}

        protected override void OnPaint(System.Windows.Forms.PaintEventArgs e)
        {
            device.Clear(ClearFlags.Target, System.Drawing.Color.CornflowerBlue, 1.0f, 0);

            CustomVertex.TransformedColored[] verts = new CustomVertex.TransformedColored[3];
            verts[0].SetPosition(new Vector4(this.Width / 2.0f, 50.0f, 0.5f, 1.0f));
            verts[0].Color = System.Drawing.Color.Aqua.ToArgb();
            verts[1].SetPosition(new Vector4(this.Width - (this.Width / 5.0f), this.Height - (this.Height / 5.0f), 0.5f, 1.0f));
            verts[1].Color = System.Drawing.Color.Black.ToArgb();
            verts[2].SetPosition(new Vector4(this.Width / 5.0f, this.Height - (this.Height / 5.0f), 0.5f, 1.0f));
            verts[2].Color = System.Drawing.Color.Purple.ToArgb();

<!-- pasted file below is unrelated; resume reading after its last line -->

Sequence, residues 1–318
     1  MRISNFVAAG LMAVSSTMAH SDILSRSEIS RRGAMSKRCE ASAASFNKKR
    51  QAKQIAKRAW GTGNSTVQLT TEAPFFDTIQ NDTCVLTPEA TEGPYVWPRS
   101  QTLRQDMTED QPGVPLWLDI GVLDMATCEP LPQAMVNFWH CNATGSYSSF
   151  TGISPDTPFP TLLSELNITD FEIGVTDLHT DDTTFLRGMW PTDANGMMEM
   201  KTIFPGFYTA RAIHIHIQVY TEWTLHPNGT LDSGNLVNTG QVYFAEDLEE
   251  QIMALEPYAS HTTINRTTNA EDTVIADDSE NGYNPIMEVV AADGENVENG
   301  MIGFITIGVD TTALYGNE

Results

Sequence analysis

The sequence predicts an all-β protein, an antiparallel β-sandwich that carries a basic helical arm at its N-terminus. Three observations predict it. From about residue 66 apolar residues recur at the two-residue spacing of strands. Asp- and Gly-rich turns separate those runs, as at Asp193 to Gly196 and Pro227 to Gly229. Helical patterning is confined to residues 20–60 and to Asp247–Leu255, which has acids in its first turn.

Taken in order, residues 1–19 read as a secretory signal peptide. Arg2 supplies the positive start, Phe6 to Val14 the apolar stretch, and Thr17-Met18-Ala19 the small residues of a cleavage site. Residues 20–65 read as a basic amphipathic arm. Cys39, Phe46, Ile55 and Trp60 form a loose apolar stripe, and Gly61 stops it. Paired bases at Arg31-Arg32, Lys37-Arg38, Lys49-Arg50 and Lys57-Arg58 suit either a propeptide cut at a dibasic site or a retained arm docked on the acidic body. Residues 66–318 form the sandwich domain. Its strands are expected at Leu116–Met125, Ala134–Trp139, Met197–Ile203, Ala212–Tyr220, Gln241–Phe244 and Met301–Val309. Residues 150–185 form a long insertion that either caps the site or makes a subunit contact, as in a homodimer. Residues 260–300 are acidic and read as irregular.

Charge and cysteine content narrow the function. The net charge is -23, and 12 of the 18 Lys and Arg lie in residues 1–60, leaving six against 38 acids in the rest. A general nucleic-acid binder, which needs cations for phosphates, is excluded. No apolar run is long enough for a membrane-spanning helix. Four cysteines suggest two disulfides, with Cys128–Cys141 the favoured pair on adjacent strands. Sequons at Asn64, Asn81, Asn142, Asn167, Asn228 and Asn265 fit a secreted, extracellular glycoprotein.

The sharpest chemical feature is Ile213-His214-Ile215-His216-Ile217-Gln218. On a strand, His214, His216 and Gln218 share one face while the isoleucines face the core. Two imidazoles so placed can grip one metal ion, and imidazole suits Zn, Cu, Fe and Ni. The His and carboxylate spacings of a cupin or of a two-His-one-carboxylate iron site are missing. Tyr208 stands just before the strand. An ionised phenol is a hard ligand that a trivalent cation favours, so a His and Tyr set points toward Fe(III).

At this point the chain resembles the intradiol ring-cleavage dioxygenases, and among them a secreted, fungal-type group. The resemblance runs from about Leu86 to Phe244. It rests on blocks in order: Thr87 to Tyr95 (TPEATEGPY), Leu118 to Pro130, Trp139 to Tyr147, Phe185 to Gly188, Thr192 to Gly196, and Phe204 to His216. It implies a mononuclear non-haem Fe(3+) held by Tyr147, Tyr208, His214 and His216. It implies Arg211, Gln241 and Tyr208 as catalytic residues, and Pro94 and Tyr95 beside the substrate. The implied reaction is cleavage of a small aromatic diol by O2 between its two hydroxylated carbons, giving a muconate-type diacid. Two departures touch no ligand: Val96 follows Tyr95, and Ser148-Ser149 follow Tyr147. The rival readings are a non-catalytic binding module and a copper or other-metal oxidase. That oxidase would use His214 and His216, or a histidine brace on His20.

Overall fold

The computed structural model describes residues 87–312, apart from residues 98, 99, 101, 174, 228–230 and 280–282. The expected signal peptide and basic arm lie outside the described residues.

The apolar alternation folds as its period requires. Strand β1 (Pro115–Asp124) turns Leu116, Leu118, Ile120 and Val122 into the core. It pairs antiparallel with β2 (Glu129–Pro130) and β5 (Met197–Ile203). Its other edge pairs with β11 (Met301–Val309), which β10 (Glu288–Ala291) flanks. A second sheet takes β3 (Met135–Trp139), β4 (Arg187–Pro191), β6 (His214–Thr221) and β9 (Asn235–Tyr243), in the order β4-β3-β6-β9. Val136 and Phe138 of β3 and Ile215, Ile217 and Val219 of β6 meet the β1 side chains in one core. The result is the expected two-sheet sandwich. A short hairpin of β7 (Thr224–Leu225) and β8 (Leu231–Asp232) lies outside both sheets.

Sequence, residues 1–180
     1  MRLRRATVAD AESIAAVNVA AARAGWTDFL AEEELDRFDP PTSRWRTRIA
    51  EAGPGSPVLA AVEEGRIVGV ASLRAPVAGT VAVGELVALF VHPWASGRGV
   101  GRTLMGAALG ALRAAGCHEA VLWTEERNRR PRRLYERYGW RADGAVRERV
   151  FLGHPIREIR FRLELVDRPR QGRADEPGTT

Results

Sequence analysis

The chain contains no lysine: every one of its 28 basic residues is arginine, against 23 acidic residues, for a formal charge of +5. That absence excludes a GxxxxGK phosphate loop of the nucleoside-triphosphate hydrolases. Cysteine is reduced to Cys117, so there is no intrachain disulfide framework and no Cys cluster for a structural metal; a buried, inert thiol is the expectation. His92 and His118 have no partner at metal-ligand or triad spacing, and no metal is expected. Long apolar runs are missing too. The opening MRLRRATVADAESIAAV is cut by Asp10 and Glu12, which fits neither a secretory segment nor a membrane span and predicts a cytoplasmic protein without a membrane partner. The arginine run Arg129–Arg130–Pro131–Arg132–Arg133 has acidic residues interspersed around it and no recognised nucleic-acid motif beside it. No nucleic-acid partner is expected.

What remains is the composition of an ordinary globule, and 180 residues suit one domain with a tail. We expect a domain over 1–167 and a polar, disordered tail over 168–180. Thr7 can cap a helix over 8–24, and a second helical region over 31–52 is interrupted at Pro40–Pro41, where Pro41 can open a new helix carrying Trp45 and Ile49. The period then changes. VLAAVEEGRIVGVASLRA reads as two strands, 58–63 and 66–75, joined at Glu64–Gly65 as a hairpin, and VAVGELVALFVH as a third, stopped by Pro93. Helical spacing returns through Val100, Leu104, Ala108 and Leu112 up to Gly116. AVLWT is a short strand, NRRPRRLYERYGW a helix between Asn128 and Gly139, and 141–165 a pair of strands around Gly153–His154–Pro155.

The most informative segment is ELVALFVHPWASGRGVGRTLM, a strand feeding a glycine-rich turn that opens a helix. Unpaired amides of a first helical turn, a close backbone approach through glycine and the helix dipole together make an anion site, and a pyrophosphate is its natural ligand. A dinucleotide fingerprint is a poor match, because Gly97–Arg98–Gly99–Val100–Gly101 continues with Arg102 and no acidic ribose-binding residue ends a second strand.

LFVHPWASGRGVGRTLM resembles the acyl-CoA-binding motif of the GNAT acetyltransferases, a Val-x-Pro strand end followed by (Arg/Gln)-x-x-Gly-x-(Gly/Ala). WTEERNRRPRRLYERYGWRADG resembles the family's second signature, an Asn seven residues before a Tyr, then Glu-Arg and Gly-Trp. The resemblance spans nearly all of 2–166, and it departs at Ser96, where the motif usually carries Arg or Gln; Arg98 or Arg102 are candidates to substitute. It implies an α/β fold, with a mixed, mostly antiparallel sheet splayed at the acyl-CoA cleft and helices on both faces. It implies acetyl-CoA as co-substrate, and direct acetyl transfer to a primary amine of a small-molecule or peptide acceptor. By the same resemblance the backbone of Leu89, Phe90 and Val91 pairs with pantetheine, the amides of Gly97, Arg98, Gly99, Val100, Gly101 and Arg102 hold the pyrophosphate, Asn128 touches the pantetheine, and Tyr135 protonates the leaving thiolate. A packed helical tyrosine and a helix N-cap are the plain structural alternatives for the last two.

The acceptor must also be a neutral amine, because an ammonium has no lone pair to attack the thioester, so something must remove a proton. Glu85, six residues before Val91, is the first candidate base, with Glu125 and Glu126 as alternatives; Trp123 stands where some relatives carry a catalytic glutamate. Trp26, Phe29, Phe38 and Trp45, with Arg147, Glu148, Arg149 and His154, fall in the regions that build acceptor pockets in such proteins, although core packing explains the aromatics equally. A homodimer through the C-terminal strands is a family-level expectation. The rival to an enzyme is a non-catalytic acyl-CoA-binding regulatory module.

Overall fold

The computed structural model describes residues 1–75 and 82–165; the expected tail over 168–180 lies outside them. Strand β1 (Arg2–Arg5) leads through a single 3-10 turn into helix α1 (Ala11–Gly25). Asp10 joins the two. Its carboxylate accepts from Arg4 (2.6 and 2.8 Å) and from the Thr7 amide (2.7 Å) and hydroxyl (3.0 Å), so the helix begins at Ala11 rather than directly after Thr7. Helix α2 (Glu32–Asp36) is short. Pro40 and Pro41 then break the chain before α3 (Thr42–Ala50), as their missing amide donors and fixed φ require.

device.BeginScene();
            device.VertexFormat = CustomVertex.TransformedColored.Format;
            device.DrawUserPrimitives(PrimitiveType.TriangleList, 1, verts);
            device.EndScene();

            device.Present();

            this.Invalidate();
        }

		/// <summary>
		/// Clean up any resources being used.
		/// </summary>
		protected override void Dispose( bool disposing )
		{
			if( disposing )
			{
				if (components != null) 
				{
					components.Dispose();
				}
			}
			base.Dispose( disposing );
		}

		#region Windows Form Designer generated code
		/// <summary>
		/// Required method for Designer support - do not modify
		/// the contents of this method with the code editor.
		/// </summary>
		private void InitializeComponent()
		{
            this.SuspendLayout();
            // 
            // Form1